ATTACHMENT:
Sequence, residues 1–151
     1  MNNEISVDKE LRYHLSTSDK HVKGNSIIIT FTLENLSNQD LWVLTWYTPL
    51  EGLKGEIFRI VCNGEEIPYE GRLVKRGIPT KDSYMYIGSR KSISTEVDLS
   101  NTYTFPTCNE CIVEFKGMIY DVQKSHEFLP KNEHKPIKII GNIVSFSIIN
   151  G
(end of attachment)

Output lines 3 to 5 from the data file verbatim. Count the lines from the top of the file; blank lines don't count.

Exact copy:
    51  EGLKGEIFRI VCNGEEIPYE GRLVKRGIPT KDSYMYIGSR KSISTEVDLS
   101  NTYTFPTCNE CIVEFKGMIY DVQKSHEFLP KNEHKPIKII GNIVSFSIIN
   151  G